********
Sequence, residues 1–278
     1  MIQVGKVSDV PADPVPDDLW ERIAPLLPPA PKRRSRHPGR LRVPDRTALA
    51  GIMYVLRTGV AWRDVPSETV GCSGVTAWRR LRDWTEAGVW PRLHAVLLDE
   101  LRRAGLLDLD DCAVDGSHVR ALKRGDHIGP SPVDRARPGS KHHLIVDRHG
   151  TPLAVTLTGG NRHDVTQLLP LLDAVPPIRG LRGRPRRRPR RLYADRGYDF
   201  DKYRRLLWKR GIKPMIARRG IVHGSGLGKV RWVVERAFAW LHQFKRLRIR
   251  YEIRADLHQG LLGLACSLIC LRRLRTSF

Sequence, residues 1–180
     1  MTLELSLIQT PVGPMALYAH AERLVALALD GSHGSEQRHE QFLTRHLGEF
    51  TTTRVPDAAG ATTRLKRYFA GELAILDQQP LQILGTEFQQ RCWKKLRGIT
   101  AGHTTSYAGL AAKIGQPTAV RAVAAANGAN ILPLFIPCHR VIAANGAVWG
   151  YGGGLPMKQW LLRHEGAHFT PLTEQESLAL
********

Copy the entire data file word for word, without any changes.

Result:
Sequence, residues 1–278
     1  MIQVGKVSDV PADPVPDDLW ERIAPLLPPA PKRRSRHPGR LRVPDRTALA
    51  GIMYVLRTGV AWRDVPSETV GCSGVTAWRR LRDWTEAGVW PRLHAVLLDE
   101  LRRAGLLDLD DCAVDGSHVR ALKRGDHIGP SPVDRARPGS KHHLIVDRHG
   151  TPLAVTLTGG NRHDVTQLLP LLDAVPPIRG LRGRPRRRPR RLYADRGYDF
   201  DKYRRLLWKR GIKPMIARRG IVHGSGLGKV RWVVERAFAW LHQFKRLRIR
   251  YEIRADLHQG LLGLACSLIC LRRLRTSF

Sequence, residues 1–180
     1  MTLELSLIQT PVGPMALYAH AERLVALALD GSHGSEQRHE QFLTRHLGEF
    51  TTTRVPDAAG ATTRLKRYFA GELAILDQQP LQILGTEFQQ RCWKKLRGIT
   101  AGHTTSYAGL AAKIGQPTAV RAVAAANGAN ILPLFIPCHR VIAANGAVWG
   151  YGGGLPMKQW LLRHEGAHFT PLTEQESLAL